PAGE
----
Competition and Antitrust Laws

Belize does not have any laws governing competition, but there are attempts to limit outside competition in certain industries (such as food and agriculture) by levying high import duties and import licensing requirements.

Expropriation and Compensation

Expropriation cases can take several years to settle but there were no new expropriation cases in 2022. Belizean law requires that the government assess and compensate according to fair market value.  Previous nationalizations of the electricity, shipping, and telecommunication companies were legally challenged and resolved from 2015 to 2022.

Dispute Settlement

ICSID Convention and New York Convention

Belize formally acceded to the Recognition and Enforcement of Foreign Arbitral Awards (New York Convention) in 2021. Additionally, the Arbitration Act of Belize governs arbitration and expressly incorporates three international conventions into domestic law.  These conventions include the 1923 Geneva Protocol on Arbitration Clauses; the Convention on the Execution of Foreign Arbitral Awards; and the New York Convention.  The United Kingdom, on behalf of Belize, signed the Convention on the Settlement of Investment Disputes between States and Nationals of Other States (ICSID Convention) in 1965, yet Belize has not ratified the convention.

Investor-State Dispute Settlement

Belize is signatory to various investment agreements that offer provisions for the settlement of investor-state disputes.  Belize is also a member of the CARICOM Single Market and Economy, as well as a party to two Economic Partnership Agreements (EPA): 1) between CARIFORUM and the EU; and 2) CARIFORUM and the United Kingdom.  These arrangements make provisions for the settlement of investor-state disputes.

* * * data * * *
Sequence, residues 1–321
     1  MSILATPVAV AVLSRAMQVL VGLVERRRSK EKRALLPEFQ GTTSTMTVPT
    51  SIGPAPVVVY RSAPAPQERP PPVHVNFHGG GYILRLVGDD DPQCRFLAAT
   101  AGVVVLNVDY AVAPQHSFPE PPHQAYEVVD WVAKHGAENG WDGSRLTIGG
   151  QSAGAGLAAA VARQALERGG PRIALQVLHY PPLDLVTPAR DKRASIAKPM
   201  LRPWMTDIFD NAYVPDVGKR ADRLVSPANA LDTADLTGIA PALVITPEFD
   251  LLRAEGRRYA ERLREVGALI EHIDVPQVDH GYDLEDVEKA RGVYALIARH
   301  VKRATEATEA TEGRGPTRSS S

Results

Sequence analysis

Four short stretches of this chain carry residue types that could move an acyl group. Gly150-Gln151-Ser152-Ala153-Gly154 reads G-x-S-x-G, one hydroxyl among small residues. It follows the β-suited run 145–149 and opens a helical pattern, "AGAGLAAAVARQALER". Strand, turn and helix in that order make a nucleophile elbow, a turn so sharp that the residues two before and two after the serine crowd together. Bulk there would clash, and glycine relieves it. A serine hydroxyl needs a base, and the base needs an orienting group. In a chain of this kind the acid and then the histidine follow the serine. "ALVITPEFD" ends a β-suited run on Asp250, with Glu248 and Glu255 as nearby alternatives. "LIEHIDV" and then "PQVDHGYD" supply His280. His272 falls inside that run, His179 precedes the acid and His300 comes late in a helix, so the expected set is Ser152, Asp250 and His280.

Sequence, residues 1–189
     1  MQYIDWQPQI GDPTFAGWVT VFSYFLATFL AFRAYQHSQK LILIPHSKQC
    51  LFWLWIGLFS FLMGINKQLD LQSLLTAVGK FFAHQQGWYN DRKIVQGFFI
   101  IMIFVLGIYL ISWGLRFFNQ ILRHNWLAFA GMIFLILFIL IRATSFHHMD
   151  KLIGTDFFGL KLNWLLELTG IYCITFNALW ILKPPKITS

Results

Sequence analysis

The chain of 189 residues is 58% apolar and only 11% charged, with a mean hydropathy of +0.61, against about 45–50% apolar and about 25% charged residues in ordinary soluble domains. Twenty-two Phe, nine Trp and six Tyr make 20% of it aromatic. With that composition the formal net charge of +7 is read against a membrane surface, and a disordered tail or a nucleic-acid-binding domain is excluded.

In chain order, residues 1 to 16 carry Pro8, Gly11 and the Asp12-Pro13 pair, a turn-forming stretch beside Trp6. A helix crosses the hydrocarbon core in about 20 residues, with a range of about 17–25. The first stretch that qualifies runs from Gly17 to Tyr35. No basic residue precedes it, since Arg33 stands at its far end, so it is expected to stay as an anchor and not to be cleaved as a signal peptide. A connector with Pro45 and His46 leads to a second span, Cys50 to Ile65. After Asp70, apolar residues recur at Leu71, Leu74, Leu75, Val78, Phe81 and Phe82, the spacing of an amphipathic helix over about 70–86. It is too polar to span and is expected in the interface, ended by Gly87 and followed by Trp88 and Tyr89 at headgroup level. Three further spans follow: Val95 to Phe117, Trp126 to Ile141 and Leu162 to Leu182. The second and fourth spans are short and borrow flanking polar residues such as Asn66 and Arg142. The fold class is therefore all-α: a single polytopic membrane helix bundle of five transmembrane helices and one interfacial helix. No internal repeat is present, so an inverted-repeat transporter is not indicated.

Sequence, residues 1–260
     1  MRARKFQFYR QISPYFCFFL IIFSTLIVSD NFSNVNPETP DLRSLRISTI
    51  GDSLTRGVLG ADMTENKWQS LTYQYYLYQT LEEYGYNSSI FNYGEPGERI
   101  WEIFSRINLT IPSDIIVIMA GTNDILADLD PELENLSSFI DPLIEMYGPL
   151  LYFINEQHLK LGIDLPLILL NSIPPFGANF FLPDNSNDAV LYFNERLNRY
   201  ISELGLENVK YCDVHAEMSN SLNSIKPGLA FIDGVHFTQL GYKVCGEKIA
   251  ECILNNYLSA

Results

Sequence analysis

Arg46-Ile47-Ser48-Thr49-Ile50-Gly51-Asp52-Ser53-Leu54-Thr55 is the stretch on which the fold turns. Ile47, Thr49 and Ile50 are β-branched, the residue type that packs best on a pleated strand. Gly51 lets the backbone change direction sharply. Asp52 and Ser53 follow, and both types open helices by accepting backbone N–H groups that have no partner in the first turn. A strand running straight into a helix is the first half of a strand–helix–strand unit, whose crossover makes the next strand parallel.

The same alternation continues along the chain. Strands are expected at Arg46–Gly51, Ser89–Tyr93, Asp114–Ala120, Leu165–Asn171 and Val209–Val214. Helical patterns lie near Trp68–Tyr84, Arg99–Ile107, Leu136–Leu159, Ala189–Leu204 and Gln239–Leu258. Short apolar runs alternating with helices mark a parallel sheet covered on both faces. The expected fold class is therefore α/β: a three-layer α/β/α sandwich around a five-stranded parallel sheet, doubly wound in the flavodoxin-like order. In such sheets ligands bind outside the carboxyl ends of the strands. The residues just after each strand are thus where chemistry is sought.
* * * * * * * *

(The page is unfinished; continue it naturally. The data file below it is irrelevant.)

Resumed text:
Since Belize is not a party to any Bilateral Investment Treaty (BIT) or Free Trade Agreement (FTA) with the United States, investment disputes involving U.S. persons are taken either before the courts or before international arbitration panels. Over the past decade, the Government of Belize was involved in five to eight investment disputes settled in international courts, with one involving a U.S. company.  Most cases were initially entered in arbitration panels but were eventually appealed either before the U.S. District Court of Colombia or the Caribbean Court of Justice (CCJ).  Most of the judgments went against the government, which settled the majority and continues to settle other cases.

Local courts are empowered to recognize and enforce foreign arbitral awards against the government, but these are generally challenged up to the CCJ.  The Crown Proceedings (Amendment) Act and the CBB (International Immunities) Act were passed in 2017, affecting the enforcement of foreign arbitral awards against the government. The Crown Proceedings Amendment Act establishes that, for cases in which a foreign judgment is entered against the government but a court in Belize later declares the judgement “unlawful, void or otherwise invalid,” the foreign judgment is to be legally set aside.

There has not been a history of extrajudicial actions against foreign investors.

International Commercial Arbitration and Foreign Courts